It’s time to resolve the racial blind spots in economics

President Biden has made historic gains in his appointments of diverse cabinet members and leaders across government agencies. He has appointed multiple Black economists to influential federal positions. Janelle Jones, the former chief labor economist for the Department of Labor, and Cecilia Rouse, chair of the Council of Economic Advisors, are the first Black women to hold those titles. More recently, Lisa Cook has been confirmed as the first Black woman to serve on the Fed board in its 108-year history. 

Although these are extraordinary achievements, there are still few Black economists at the federal level who shape policy. A 2019 study from Brookings found that only 24 percent of Ph.D. economists in the federal government are minorities; this number gets smaller when considering Black economists. Only 1 percent of Ph.D. economists at the Federal Reserve are Black despite 3-4 percent of graduating Ph.D. economists each year being Black. 

The climate policy space, in particular, has very few Black economists. This shortage is part of the reason why we believe that environmental policy has not benefited communities of color to the same degree as the nation as a whole. It is also our belief that this shortage has often led to a failure in accurately estimating the impacts of environmental policies on these communities. 

recent study revealed that the federal government has historically ignored factors such as race and ethnicity in their assessments of air pollution policies while highlighting the fact that “underlying mortality rates, pollution exposure, and pollution vulnerability differ significantly across racial and ethnic groups.” Associated research suggests that this has led to an underestimation of related mortality costs of roughly $100 billion, given that older Blacks and Hispanics are much more likely than their white counterparts to experience premature mortality rates due to exposure to harmful pollutants. This oversight could be the result of not enough economists familiar with these population groups and their health vulnerabilities not being represented during relevant policy discussions.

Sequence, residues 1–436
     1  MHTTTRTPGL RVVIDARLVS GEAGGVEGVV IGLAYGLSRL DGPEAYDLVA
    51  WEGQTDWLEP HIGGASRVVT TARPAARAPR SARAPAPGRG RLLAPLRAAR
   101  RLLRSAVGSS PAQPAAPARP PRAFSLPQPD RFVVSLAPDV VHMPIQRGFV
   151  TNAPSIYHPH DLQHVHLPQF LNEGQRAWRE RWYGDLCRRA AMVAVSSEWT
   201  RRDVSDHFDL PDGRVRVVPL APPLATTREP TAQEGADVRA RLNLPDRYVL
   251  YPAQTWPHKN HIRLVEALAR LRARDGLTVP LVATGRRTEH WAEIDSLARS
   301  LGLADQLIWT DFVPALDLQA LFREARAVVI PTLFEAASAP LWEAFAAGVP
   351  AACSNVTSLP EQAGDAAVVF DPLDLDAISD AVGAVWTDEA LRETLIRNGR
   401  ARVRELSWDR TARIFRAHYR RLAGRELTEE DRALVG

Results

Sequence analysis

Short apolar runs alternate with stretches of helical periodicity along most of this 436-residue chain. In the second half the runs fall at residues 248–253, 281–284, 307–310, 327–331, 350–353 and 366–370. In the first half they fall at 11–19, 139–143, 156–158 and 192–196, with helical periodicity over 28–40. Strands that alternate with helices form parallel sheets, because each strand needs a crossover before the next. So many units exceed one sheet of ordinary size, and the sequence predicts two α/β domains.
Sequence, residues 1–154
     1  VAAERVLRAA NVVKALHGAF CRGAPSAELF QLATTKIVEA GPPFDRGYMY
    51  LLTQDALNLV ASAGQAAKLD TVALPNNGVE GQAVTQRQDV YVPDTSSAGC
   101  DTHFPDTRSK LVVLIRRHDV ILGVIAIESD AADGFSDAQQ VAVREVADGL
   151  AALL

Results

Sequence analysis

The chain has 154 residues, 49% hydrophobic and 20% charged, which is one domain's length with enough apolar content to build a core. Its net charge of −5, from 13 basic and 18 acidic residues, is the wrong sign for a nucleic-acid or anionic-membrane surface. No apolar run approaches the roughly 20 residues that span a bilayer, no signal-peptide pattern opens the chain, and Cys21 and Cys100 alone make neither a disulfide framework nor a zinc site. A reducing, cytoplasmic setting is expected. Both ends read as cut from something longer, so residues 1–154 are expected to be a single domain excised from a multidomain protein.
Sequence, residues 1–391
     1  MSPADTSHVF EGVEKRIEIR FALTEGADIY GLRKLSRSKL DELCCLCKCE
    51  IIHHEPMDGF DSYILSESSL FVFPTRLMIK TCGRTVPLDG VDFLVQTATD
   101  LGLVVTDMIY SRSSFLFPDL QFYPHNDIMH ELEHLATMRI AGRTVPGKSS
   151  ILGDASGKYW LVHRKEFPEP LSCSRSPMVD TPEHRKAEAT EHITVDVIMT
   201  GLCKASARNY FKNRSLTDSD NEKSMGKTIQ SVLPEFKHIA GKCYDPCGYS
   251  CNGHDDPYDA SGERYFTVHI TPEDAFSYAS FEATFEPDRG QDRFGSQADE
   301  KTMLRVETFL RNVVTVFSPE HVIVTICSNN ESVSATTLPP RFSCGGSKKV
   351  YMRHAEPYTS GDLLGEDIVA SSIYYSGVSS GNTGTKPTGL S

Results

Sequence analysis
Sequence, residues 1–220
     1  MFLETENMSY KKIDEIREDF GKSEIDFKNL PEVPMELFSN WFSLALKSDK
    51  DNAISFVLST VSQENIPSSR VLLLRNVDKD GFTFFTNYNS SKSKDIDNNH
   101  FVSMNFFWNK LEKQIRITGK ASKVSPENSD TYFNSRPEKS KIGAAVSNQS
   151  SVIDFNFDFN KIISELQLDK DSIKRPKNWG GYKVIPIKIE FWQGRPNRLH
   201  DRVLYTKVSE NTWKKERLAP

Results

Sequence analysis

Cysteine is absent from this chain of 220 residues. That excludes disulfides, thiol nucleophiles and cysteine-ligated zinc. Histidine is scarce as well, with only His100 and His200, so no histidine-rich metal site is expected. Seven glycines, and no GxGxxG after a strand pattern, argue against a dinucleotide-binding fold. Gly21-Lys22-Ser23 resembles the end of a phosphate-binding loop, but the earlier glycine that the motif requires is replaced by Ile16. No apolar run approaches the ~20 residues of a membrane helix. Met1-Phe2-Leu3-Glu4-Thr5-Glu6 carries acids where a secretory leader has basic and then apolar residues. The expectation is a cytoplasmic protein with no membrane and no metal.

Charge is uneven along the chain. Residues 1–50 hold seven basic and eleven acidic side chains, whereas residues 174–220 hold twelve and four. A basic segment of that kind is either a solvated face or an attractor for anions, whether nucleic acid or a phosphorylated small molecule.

Despite these trends, there are promising efforts in some corners of the government. The National Oceanic and Atmospheric Administration’s Office of National Marine Sanctuaries has an internship targeted at attracting students of color interested in environmental economics work. The PhD project helps people of color complete doctoral degrees in economics and finance. The Sadie Collective explicitly addresses the “pipeline and pathway problem in economics, finance, data science, and public policy through curated content creation, programming, and mentorship.” The National Economic Association works to “promote the professional lives of minorities within the [economics] profession.” Additionally, there are economics departments at Historically Black Colleges and Universities (HBCUs), native-serving, and other minority-serving institutions (MSIs) which have roles in improving the pipeline.  

These efforts, however, are not enough. We are calling on the Biden administration and on all municipal and state governments to ensure that all policy teams are inclusive and representative. One way to achieve this is to develop or intensify relationships with HBCUs or MSIs to improve pipeline conditions. Representatives from agencies can present material in economics classes and build stronger relationships with the internship or employment offices of these organizations; a range of efforts is required. Having spoken with members of several agencies, without these connections, it can be difficult to recruit staff or interns, irrespective of the good intentions of recruitment programs.  

In the longer term, academic economics programs can do some of the work as well. It would be useful to allow more candidates to do dissertation work on policy issues in direct partnership with government agencies. This could raise questions about academic freedom or even the specifics of what a dissertation is supposed to be, but we are confident that there are academic economists who want to see more of this happen. Economics is currently experiencing blowback about the composition and promotion practices of academic departments, the ‘optics’ of our best-known scholars, and the fact that some of the underpinnings of our body of theory are out of synch with what is needed to advance equality.  

While specific staffing requirements at federal or other government agencies are crucial, we need a broader and deeper shift across the discipline, across all practitioners and scholars, to increase the number of Black economists and economists of color at all levels of the policy community. We need to be wary of heroics as well. As Esau McCaulley pointed out in a New York Times Opinion piece, heroic exemplars can be used against ‘ordinary’ Black professionals. We are talking not about exemplars but ordinary people in ordinary jobs. We want to make Black policy professionals normal, not exceptional.  

Eric O’Rear, Ph.D. is an economist/senior analyst with the Energy & Climate Practice at Rhodium Group, an independent research providerNejem Raheem, Ph.D. teaches economics at Emerson College in Boston. The views expressed here are the authors’ own

Tags Biden Cecilia Rouse economists Lisa Cook Politics of the United States racial diversity US economy

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